What is Seasonal Affective Disorder?

Does your aging relative seem down in the winter months? If so, they may be suffering from seasonal affective disorder (SAD). SAD, as the name suggests, is a disorder that begins and ends at approximately the same time each year. For most people, SAD starts in the fall and goes into the winter. However, it is possible for people to have SAD during other times of the year. Understanding the disorder may help you to recognize it in your loved one, and to seek help.

Senior Care in Des Plaines IL: Seasonal Affective Disorder

Senior Care in Des Plaines IL: Seasonal Affective Disorder

Who is at Risk for SAD?

Doctors aren’t sure exactly what causes SAD. They believe it may have something to do with a person’s circadian rhythm as well as serotonin and melatonin levels. Although they don’t know the cause, doctors have identified some factors that put people at greater risk for developing SAD, such as:

  • Gender: Women are much more likely to have SAD than men are. They are diagnosed with SAD four times more often.
  • Location: People who live a greater distance from the equator are more likely to have SAD. For example, only 1 percent of the people living in Florida have SAD while 9 percent of those living in Alaska have it.
  • Family History: People who have a family member with SAD or another type of depression are more likely to be diagnosed with SAD.
  • Mental Health: Those with depression or bipolar disorder are more likely to be affected by SAD.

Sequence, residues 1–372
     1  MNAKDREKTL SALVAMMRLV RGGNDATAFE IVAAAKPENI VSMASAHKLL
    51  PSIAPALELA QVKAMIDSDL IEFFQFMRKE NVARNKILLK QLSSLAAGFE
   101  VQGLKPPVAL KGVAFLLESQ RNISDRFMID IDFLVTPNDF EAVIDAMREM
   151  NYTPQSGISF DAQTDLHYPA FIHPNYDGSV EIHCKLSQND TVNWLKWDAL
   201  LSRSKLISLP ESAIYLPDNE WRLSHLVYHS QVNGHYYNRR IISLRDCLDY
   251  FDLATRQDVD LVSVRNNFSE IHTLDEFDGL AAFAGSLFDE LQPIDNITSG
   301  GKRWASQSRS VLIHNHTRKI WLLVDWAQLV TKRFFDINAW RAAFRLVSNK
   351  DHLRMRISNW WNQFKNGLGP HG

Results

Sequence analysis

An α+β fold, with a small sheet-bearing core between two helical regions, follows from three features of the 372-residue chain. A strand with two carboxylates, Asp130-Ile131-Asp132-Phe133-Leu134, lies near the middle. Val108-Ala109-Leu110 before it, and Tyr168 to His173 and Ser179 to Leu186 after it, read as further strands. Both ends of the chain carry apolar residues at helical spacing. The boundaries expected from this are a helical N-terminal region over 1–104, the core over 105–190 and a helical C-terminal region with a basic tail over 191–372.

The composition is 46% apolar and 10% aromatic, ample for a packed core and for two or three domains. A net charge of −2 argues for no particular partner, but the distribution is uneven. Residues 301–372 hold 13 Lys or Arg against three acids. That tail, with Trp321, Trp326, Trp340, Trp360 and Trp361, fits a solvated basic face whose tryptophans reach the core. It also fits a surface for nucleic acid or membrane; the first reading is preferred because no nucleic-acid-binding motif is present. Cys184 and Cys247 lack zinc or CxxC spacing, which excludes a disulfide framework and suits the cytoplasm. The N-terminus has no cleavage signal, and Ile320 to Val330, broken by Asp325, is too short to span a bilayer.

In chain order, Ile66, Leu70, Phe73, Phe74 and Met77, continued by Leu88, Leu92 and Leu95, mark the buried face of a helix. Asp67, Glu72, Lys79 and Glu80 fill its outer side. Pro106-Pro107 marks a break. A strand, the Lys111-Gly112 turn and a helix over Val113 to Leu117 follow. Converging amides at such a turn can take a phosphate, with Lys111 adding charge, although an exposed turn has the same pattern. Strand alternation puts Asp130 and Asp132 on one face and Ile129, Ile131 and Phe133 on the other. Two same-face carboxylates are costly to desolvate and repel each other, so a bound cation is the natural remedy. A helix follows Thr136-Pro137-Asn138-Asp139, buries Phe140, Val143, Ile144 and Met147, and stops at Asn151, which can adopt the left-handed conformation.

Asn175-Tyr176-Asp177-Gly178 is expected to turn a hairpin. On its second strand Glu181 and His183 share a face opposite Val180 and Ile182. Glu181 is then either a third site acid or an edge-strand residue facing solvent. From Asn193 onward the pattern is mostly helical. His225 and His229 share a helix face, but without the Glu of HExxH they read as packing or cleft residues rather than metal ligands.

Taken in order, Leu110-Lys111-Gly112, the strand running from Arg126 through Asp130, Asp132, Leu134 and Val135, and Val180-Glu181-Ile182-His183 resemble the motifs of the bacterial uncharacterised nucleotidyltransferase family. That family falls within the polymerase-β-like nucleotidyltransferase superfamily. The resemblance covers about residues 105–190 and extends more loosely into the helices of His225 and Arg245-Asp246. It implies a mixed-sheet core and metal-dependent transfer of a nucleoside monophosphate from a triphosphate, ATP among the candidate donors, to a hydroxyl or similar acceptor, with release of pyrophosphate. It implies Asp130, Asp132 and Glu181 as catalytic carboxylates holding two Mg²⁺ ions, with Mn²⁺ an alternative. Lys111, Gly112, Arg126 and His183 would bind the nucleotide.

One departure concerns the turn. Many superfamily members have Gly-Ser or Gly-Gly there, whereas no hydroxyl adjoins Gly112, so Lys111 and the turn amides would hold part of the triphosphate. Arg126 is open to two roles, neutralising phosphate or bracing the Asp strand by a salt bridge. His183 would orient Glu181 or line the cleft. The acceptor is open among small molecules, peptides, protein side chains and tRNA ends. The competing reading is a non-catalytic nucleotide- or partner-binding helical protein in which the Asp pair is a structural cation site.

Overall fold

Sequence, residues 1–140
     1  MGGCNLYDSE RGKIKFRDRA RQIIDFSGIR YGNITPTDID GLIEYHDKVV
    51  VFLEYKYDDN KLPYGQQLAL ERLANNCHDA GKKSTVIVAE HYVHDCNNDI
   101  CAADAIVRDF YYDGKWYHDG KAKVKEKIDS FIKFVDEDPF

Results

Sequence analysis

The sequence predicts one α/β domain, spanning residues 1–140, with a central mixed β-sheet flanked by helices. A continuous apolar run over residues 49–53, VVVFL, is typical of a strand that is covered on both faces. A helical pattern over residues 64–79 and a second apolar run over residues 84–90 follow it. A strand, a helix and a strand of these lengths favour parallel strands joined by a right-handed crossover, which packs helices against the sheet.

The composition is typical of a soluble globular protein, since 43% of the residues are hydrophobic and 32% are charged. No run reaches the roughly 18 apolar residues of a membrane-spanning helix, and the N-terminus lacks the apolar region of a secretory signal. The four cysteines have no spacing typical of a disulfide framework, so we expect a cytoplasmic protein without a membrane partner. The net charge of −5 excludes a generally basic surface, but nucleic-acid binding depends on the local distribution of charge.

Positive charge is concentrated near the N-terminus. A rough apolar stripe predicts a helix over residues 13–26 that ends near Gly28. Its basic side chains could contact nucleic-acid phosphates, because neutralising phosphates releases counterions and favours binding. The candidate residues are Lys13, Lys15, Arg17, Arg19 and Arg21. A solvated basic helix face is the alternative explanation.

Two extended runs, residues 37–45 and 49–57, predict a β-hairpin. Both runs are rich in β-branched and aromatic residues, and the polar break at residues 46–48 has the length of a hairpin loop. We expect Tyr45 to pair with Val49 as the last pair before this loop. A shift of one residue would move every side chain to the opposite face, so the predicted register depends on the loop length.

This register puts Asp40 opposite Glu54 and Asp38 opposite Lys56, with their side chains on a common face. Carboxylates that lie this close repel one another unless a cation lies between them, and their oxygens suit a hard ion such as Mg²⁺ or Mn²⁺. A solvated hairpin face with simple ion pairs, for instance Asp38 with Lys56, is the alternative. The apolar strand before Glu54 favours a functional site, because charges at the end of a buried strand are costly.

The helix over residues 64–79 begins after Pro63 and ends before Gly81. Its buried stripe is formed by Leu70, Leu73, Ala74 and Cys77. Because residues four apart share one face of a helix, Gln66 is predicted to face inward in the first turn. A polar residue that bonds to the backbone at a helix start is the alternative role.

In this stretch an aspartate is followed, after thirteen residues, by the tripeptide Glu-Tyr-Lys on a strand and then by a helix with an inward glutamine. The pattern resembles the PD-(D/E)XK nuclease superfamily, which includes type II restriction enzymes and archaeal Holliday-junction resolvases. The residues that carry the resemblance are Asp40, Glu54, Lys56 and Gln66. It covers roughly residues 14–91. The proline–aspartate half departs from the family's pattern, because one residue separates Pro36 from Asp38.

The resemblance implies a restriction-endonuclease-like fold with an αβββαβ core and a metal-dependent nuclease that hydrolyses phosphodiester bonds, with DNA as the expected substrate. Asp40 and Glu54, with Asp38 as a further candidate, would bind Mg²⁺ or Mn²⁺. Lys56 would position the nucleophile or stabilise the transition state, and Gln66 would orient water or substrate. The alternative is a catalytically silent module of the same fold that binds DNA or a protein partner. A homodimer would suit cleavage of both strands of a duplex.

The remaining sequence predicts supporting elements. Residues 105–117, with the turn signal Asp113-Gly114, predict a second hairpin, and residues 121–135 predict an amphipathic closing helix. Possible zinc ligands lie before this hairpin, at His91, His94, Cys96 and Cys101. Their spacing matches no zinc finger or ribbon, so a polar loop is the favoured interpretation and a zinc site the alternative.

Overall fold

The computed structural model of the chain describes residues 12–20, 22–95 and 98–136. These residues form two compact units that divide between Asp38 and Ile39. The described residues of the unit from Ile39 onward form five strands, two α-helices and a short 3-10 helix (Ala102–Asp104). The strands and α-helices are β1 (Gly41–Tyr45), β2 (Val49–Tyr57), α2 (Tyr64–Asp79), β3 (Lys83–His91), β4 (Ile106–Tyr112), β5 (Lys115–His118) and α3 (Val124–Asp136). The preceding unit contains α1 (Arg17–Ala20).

What are the Symptoms?

Again, the symptoms of sad come and go with the seasons, and differ depending on the season the person is affected during. Symptoms of winter SAD include:

  • Sleeping too much.
  • Gaining weight.
  • Changes in eating patterns, especially cravings for carbohydrate-rich foods.
  • Feeling tired or lacking energy.
  • Withdrawing from others, sometimes described as “hibernating.”
  • Moodiness, such as feeling grumpy or sad.
  • Loss of interest in hobbies or other activities.
  • Difficulty concentrating.

 

If your aging relative does suffer from SAD, having a senior care provider can help them through the tough winter months. Knowing that a senior care provider is stopping by can give them a reason to get up in the morning. A senior care provider can also help them stay socially engaged, which may boost mood. If the doctor has suggested using light therapy as a treatment, a senior care provider can help the older adult to set up their light box in a place where they can sit comfortably for the prescribed length of time.

If you or an aging loved one are considering senior care in Des Plaines, IL, contact the caring staff at Companion Services of America today at (847) 943-3786. Our home care service area includes Northbrook, Highland Park, Deerfield, Glenview, Buffalo Grove, Evanston, Des Plaines, Skokie, Lake Forest, Wilmette and the surrounding areas.

 

Sources

https://www.mayoclinic.org/diseases-conditions/seasonal-affective-disorder/symptoms-causes/syc-20364651

https://www.webmd.com/mental-health/tc/seasonal-affective-disorder-sad-topic-overview

https://www.nimh.nih.gov/health/topics/seasonal-affective-disorder/index.shtml

 

About the author: Jamie Shapiro
Jamie has a Masters in Clinical Social Work from the University of Chicago. She started her career in psychiatric social work at Northwestern University Institute of Psychiatry. Later she went on to be Director of Social Services at Belmont Community Hospital where she developed discharge planning procedures to assist staff in identifying potential patients requiring intervention. Jamie Shapiro is a Google Verified Author.